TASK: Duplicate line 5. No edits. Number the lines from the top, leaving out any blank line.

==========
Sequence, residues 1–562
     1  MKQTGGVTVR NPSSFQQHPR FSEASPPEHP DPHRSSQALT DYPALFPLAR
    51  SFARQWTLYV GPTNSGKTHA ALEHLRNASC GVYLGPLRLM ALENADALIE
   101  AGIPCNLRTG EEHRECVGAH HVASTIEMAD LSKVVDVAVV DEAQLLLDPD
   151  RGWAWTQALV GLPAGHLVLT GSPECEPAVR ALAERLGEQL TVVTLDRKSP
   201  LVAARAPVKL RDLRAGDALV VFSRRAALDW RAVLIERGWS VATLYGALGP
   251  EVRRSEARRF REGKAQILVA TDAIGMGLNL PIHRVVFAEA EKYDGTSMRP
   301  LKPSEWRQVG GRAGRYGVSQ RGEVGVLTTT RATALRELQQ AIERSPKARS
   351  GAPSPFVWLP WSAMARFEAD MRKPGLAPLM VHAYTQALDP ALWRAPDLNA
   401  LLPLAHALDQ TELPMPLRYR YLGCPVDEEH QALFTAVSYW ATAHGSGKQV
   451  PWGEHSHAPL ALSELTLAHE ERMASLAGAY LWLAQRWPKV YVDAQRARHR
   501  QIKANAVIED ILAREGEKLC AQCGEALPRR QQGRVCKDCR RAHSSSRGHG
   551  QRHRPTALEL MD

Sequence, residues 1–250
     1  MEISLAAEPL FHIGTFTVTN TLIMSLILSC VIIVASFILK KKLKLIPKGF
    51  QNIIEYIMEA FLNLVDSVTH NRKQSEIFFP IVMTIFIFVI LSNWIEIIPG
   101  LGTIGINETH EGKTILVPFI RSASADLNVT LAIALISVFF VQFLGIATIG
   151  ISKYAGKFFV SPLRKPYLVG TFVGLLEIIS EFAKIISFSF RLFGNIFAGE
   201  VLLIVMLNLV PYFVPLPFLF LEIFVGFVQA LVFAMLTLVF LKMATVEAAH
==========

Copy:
   151  RGWAWTQALV GLPAGHLVLT GSPECEPAVR ALAERLGEQL TVVTLDRKSP